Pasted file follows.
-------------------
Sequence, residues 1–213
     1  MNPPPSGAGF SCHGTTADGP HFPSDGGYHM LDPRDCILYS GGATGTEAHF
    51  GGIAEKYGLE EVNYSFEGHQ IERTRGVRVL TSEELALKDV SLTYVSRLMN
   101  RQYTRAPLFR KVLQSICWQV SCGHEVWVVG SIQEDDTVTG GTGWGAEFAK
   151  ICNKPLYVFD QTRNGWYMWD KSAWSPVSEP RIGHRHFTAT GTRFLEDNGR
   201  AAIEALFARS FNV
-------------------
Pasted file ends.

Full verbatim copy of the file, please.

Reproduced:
Sequence, residues 1–213
     1  MNPPPSGAGF SCHGTTADGP HFPSDGGYHM LDPRDCILYS GGATGTEAHF
    51  GGIAEKYGLE EVNYSFEGHQ IERTRGVRVL TSEELALKDV SLTYVSRLMN
   101  RQYTRAPLFR KVLQSICWQV SCGHEVWVVG SIQEDDTVTG GTGWGAEFAK
   151  ICNKPLYVFD QTRNGWYMWD KSAWSPVSEP RIGHRHFTAT GTRFLEDNGR
   201  AAIEALFARS FNV